By Matthew Teasdale
The fate of the last nuclear arms control treaty between the two largest nuclear powers is under serious duress. Russia has suspended its participation in the New Strategic Arms Reduction Treaty (New START) and halted semiannual data exchanges on its nuclear arsenal. Ever since, a so-called “end of nuclear arms control” has dominated headlines, calling into question the value of New START and arms control writ large. The growing concern over the fate of New START and arms control more generally points to an understanding that arms control still offers value, but whether the treaty is worth keeping, however, is the wrong question.
Russian President Vladimir Putin suspended New START in February 2023 immediately before the one-year anniversary of the Russian invasion of Ukraine. It is hard not to pick up Putin’s hint. The Kremlin is tying the fate of New START to American support for an independent Ukraine, in effect holding hostage something it knows is important to the Biden administration to force a change of behavior on something important to Russia. But it’s unlikely that the United States will relent. Washington cannot tolerate Moscow’s use of nuclear blackmail if the United States wants to avoid a precedent for further nuclear-assisted conquests. Despite the Kremlin’s bravado, maintaining limits on nuclear weapons is as much in Russia’s interests as it is in Washington’s, if not more so.
That’s why headlines decrying the death of arms control are short-sighted. Questions about the value of arms control ignore the many non-proliferation treaties that remain in effect as well as the unique history of arms control. The Nuclear Nonproliferation Treaty (NPT) and other global measures remain. Nuclear-weapon-free-zones like that covering Southern America are still standing, and export control regimes like the Wassenaar Arrangement and Missile Technology Control Regime endure. Even the remaining provisions of New START provide needed predictability on nuclear arsenals, proving its ongoing value.
Historically, arms control has a way of recovering in deteriorating security climates. The United States and the Soviet Union signed multiple arms control agreements like the Partial Test Ban Treaty and the NPT as well as the Intermediate-Range Nuclear Forces (INF) Treaty after respective periods of Cold War brinkmanship. The Cuban Missile Crisis nearly brought the two powers to nuclear confrontation, but also had the reverse effect of cooling tensions between Washington and Moscow. This “end of arms control” narrative dangerously plays into Kremlin fear-mongering and blackmailing. One should not discount that global nuclear destruction would never be in anyone’s interest.
Admittedly, the darkening international order has an inextricable link to the perceptions around nuclear weapons. Destabilizing developments like a potentially nuclear Iran, a vertically proliferating China or a belligerent North Korea force other countries to consider nuclear proliferation. Saudi Arabia has maintained that if Iran acquires a nuclear weapon, it will follow suit as soon as possible. Japan is increasing its defense spending and Australia has entered the AUKUS agreement, under which it could acquire nuclear-powered submarines at tremendous expense, due to perceptions of the growing Chinese threat. The South Korean President even mused about the idea of developing a nuclear arsenal in the face of Pyongyang. The threat of these weapons forces global actors to internalize the terror that they project. Without effective non-proliferation and arms control, more and more countries could perceive a need for nuclear weapons.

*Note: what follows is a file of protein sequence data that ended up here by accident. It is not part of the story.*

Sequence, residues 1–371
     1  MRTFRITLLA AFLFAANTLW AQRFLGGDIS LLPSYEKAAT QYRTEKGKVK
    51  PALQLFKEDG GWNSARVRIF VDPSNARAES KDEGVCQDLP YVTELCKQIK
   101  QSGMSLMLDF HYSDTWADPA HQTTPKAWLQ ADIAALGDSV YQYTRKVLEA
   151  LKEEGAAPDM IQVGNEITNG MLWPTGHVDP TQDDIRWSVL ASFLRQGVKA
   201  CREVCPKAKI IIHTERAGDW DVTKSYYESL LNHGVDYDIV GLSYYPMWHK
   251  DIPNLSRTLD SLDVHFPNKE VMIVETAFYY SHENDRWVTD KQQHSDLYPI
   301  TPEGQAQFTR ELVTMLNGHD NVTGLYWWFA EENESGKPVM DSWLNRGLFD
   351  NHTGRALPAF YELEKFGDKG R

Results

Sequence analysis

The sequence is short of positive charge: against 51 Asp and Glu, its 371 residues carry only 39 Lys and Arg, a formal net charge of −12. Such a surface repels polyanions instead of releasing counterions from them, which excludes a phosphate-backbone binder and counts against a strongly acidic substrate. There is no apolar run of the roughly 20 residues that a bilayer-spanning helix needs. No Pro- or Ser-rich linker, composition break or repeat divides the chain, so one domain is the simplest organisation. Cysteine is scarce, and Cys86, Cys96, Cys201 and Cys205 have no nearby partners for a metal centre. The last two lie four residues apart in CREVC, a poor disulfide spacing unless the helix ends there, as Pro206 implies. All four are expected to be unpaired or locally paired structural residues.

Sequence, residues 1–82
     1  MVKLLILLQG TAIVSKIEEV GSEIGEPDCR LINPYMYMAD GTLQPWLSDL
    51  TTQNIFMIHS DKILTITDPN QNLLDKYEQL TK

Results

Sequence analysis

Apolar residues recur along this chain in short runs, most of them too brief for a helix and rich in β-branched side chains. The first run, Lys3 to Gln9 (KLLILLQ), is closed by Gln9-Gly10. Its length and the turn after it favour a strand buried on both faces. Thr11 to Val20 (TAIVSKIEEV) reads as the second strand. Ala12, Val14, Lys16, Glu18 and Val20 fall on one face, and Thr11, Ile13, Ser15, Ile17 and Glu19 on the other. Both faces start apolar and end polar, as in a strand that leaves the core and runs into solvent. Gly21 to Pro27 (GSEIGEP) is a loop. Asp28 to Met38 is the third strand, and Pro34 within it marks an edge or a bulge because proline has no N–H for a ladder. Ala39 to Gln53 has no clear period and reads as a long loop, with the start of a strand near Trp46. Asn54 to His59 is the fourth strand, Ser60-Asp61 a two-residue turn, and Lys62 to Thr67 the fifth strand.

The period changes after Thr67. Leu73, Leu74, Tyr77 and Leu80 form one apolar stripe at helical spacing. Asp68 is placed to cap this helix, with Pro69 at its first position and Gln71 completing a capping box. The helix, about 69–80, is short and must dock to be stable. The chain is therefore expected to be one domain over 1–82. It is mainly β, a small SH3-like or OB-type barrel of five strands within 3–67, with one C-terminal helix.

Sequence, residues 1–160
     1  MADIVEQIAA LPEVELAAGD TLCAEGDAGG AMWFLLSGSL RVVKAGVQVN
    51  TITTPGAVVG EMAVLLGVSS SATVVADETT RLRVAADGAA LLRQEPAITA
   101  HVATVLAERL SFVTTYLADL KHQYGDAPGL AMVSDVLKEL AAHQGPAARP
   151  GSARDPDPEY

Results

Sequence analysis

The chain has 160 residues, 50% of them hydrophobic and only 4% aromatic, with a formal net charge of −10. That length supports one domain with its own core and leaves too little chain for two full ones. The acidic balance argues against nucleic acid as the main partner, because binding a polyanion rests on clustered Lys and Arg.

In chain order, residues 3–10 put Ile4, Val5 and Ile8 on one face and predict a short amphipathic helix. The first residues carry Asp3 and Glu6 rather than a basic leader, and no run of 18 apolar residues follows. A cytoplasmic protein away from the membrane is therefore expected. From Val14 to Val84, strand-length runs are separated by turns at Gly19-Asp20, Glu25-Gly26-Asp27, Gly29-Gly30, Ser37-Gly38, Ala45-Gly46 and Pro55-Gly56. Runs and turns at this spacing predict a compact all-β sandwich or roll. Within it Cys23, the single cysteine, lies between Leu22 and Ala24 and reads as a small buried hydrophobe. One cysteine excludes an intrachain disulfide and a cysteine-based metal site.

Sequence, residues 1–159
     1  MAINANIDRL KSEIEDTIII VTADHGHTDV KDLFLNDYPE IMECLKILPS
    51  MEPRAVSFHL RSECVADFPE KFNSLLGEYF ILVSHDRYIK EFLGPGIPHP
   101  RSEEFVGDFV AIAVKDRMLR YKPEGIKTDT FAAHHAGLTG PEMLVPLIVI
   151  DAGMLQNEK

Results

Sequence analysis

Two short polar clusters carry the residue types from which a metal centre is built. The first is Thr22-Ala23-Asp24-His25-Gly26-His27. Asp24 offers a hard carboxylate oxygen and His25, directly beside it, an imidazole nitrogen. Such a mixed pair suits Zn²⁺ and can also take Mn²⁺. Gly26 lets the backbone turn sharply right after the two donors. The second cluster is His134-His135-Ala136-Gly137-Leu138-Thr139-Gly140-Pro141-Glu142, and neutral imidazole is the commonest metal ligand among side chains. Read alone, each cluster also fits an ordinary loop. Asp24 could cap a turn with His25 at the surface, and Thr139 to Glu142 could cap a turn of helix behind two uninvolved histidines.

When New START was first negotiated, it was meant to live up to its name and be the onramp to a new generation of arms control. For too long, the treaty has been considered as an end and not as a means to promote global stability. The growing concerns about nuclear proliferation emanating from Russia’s actions should spur new interest in arms control beyond the limited scope of the treaty. The possible domino effect resulting from Russian threats and blackmail should illustrate that nuclear proliferation is a global problem, and those seeking to prevent nuclear war need to start (pun intended) thinking about more than propping up the existing agreement.
New START and future arms reduction treaties must adapt to a new global security climate. Efforts to reduce the global nuclear threat should be just that — global. While the “end of arms control” is far from reality, nuclear proliferation could become more attractive without active efforts to prevent it. Deterrence will play a larger role in allied strategies with Russia, but this does not mean that New START is over. Withdrawing from a treaty that continues to provide limits on strategic forces would be a mistake and only exacerbate the fracturing security order. The question, however, should not be limited to whether the treaty is worth keeping, but how to use the concern raised by Russia’s actions to start a real conversation about taking arms control into the future.